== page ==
Supplementary Material for: Microstructural Brain and Multivoxel Spectroscopy in Very Low Birth Weight Infants Related to Insulin-Like Growth Factor Concentration and Early Growth
2013-04-09T00:00:00Z (GMT) by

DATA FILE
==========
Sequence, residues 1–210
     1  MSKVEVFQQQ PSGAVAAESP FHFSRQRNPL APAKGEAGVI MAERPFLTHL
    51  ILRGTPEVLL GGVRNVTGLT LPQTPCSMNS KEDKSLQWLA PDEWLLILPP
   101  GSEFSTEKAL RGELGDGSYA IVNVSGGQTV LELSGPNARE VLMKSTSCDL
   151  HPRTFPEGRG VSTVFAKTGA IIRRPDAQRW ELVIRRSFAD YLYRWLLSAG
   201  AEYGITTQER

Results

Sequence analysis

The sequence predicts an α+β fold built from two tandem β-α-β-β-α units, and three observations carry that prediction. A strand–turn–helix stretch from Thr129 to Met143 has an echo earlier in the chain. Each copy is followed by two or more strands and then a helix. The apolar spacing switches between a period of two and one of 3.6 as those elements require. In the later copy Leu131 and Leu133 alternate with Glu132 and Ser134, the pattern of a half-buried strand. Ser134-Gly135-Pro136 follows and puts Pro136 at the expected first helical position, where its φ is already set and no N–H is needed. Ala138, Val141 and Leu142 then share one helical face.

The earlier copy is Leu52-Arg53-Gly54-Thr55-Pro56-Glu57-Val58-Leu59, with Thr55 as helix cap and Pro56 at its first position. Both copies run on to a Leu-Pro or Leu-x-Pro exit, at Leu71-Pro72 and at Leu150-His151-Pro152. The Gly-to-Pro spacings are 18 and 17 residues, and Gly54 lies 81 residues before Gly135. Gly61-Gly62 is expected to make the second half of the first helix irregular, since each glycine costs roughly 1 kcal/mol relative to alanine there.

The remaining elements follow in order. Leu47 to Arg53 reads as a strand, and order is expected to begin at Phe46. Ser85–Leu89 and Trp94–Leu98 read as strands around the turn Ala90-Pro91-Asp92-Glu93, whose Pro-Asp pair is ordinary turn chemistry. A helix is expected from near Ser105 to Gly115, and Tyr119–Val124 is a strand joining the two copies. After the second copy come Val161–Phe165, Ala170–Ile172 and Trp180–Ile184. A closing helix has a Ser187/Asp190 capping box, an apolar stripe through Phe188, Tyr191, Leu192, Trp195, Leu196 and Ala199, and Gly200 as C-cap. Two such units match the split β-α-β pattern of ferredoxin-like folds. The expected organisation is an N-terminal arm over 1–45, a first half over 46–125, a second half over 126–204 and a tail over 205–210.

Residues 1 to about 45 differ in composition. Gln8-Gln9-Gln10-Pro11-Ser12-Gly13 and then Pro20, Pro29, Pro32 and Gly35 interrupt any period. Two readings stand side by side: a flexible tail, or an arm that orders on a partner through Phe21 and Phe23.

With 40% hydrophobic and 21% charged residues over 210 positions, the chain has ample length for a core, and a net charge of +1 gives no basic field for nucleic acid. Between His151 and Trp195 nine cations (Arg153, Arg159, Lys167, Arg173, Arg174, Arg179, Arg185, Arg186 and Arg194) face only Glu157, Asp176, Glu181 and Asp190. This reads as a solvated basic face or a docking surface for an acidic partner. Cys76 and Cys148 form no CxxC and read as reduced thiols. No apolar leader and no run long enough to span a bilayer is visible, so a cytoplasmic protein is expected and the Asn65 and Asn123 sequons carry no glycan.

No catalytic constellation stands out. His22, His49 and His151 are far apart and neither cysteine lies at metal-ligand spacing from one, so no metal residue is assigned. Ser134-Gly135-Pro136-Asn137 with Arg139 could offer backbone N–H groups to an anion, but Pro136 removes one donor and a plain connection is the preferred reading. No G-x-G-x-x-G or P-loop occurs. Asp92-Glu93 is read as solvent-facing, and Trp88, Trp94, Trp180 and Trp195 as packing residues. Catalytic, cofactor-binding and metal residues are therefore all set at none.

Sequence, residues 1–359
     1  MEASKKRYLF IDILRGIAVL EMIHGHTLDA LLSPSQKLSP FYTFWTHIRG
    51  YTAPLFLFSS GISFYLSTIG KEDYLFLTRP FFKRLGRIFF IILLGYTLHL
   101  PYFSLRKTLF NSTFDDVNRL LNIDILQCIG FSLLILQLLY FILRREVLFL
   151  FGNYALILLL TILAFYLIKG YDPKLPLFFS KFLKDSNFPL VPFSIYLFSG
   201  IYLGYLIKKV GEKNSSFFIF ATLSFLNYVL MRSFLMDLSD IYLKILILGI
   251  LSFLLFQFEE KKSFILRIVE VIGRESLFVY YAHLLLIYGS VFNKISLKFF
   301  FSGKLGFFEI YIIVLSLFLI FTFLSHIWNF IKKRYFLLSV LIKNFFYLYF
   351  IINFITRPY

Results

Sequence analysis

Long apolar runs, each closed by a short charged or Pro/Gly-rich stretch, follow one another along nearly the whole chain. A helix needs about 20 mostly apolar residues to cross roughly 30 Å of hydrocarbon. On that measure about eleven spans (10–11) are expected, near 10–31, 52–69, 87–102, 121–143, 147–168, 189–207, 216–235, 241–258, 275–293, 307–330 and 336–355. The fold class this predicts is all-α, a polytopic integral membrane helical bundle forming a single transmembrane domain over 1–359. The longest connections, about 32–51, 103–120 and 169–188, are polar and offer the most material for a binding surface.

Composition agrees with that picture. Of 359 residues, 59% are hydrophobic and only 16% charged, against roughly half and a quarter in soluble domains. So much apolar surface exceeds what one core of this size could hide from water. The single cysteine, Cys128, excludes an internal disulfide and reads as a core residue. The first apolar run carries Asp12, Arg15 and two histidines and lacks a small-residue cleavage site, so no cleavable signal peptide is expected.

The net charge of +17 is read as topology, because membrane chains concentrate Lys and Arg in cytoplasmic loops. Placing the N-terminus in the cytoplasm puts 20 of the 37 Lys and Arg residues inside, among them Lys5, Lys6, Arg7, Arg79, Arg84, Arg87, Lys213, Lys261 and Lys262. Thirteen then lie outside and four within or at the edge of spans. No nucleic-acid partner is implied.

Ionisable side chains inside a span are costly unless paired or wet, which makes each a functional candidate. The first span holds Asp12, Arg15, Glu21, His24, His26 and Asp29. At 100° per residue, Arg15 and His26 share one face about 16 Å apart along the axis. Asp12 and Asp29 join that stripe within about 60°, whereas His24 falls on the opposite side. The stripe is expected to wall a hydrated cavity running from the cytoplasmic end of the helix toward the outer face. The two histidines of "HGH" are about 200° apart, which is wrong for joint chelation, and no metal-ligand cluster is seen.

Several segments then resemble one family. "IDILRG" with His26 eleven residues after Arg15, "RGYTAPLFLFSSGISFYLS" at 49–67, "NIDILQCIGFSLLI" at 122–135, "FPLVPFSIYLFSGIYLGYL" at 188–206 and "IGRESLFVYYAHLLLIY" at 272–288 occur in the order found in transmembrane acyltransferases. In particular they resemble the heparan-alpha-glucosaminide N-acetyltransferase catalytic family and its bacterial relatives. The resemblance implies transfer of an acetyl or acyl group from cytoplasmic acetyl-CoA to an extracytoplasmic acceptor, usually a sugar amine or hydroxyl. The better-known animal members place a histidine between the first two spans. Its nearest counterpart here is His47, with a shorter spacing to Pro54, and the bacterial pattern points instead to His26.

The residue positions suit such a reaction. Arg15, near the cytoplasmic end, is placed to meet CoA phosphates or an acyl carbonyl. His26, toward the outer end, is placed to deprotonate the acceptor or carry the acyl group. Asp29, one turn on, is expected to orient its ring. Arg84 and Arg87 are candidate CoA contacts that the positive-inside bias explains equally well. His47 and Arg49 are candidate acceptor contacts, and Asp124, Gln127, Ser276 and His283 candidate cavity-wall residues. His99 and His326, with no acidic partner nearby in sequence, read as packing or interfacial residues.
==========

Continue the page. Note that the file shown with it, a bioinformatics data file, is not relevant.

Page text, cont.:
<b><i>Background:</i></b> Very low birth weight (VLBW) children have higher risk of neurologic disabilities and growth factors are essential for brain maturation. <b><i>Aim:</i></b> To assess whether there are differences in neurologic findings, psychometric parameters and microstructural brain morphology in 1-year-old VLBW infants versus term healthy controls and whether these differences are related to hormonal/growth changes. <b><i>Methods:</i></b> Prospective anthropometry, prefeed venous blood sample [insulin, insulin-like growth factor-I (IGF-I), insulin-like growth factor-II (IGF-II), leptin, glucose], neurologic and imaging assessment, at age 1 year in 34 VLBW infants (12 SGA; 10 M) and 10 healthy term controls (5 M). <b><i>Results:</i></b> IGF-I concentrations at 1 month of corrected age were 20% lower in SGA versus appropriate for gestational age VLBW (p < 0.02). Gray and white matter volume and fractional anisotropy in 15/27 regions were decreased (p < 0.001). Abnormal spectroscopy was observed in 4 zones in VLBW versus term controls (p < 0.001). Some of these changes were associated with different periods of first-year growth and IGF-I/IGF-II, leptin and HOMA-IR. <b><i>Conclusions:</i></b> VLBW infants show differences in brain volumes and microstructural brain morphology as compared to term controls, changes related to circulating growth factor and anthropometry changes in the first year. This apparent reorganization of the developing brain offers a unique opportunity to investigate the relationship between changes in cortical anatomy, cognitive and social impairments and periods of early growth.